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Hyacinths: Muscari armeniacum

Botanical name: Muscari armeniacum

Common name: grape-hyacinth

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created by:
chief cultivator

Mercer island, Wa

at a glance

Soil: damp, acidic, sand
Zones: 4a thru 8b

deer resistant, poisonous, butterfly attracting, bee attracting

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description for "Hyacinths: Muscari armeniacum"

Muscari armeniacum bears 6 inch spikes holding deep cobalt-blue, white-rimmed florets. Good for cutting, although most gardeners let the flowers go to seed because the bulbs increase rapidly. A gardener's favorite, these fragrant flowers resemble upside down clusters of grapes. Grape hyacinths thrive and increase rapidly in all but the dampest and shadiest locations. A bulb that you should have in your spring garden, use Muscari to separate tulip plantings, to outline a walkway or to highlight other spring flowering bulbs. Plant bulbs about 3” deep and 3” apart in fall. Flowers emerge in early spring. Keep ground moist during the spring growing season, but reduce watering after foliage begins to die back. Although plants of this species go dormant in summer, they produce new leaves in autumn. Naturalizes well by both bulb offsets and, under favorable growing conditions, self-seeding. No serious insect or disease problems. --edited by dtd siegelgirl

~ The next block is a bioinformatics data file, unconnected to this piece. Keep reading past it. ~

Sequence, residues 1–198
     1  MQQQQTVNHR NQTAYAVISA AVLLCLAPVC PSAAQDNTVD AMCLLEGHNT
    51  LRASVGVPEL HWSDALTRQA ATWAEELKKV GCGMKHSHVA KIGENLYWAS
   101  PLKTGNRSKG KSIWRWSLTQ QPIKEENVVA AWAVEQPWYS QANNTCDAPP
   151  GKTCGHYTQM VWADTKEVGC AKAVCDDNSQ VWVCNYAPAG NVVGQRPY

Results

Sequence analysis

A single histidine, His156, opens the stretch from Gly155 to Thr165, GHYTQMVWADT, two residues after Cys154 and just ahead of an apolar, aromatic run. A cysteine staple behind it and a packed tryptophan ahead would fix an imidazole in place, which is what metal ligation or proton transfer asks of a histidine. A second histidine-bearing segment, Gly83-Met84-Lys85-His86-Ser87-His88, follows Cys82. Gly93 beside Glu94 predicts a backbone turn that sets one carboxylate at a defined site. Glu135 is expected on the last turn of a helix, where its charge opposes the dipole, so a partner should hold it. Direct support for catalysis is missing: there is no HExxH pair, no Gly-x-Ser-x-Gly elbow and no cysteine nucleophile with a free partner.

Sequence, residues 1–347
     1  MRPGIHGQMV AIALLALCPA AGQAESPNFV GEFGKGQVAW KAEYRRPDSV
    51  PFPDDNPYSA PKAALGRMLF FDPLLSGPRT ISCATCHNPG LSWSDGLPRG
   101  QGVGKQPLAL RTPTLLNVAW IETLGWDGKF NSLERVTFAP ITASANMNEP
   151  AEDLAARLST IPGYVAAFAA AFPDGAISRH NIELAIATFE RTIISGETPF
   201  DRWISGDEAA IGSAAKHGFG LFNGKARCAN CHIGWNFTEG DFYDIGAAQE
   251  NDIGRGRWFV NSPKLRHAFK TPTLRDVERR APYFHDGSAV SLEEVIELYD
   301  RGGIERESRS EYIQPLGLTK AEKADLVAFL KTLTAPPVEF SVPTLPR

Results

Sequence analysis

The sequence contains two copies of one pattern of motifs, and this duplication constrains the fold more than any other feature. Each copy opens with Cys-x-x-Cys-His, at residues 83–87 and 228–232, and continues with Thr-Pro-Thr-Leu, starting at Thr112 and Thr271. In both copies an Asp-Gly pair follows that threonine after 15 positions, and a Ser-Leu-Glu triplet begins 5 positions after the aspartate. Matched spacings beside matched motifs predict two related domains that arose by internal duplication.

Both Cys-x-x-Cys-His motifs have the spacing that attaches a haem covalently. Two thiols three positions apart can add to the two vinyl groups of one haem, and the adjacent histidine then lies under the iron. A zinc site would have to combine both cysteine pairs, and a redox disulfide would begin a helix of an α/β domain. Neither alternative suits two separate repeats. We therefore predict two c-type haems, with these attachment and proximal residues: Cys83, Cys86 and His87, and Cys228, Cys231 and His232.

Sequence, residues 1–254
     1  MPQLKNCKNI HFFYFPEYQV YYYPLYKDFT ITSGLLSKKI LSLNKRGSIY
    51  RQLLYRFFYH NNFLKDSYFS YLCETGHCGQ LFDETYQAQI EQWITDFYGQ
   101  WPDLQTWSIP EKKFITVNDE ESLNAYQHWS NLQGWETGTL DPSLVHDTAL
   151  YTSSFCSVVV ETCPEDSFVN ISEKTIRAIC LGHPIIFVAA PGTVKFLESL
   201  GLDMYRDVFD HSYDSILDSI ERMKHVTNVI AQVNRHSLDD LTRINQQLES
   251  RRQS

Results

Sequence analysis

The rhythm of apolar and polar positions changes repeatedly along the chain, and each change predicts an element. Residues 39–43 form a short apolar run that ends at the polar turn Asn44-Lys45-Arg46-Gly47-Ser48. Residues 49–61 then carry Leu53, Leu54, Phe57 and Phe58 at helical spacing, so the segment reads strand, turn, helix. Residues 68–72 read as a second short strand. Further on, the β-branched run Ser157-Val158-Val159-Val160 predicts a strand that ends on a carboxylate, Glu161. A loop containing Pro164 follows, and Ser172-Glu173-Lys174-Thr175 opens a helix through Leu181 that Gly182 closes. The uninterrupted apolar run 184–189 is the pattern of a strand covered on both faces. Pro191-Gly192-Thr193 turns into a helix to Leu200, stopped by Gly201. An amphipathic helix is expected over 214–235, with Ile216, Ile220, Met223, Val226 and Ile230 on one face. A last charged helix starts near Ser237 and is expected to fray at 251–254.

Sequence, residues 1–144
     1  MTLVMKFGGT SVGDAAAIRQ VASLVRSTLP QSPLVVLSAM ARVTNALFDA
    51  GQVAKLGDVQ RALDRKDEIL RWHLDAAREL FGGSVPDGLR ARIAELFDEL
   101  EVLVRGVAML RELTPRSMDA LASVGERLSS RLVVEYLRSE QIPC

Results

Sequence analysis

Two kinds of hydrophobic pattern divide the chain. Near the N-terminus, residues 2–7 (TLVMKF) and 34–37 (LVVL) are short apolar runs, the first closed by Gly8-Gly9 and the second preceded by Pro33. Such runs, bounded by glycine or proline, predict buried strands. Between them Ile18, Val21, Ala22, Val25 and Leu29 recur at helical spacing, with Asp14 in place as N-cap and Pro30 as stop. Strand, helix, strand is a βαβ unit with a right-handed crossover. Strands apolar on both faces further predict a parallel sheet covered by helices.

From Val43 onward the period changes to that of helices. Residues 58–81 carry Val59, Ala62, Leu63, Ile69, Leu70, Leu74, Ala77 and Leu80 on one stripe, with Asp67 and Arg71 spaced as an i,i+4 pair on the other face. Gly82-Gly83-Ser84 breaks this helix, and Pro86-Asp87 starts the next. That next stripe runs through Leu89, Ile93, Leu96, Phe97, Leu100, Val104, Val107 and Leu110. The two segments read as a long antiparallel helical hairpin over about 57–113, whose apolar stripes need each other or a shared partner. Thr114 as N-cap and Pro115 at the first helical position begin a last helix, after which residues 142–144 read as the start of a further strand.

Native to: Western Asia: Iran, Turkey; Caucasus: Armenia, Azerbaijan, Georgia; Southeastern Europe: Bulgaria, Former Yugoslavia, Greece. Provides spectacular drifts of color when massed in open areas, around shrubs, under deciduous trees, in the rock garden or in the border front. Also mixes well with other early blooming bulbs. Popular container plant. Also forces easily for winter bloom.

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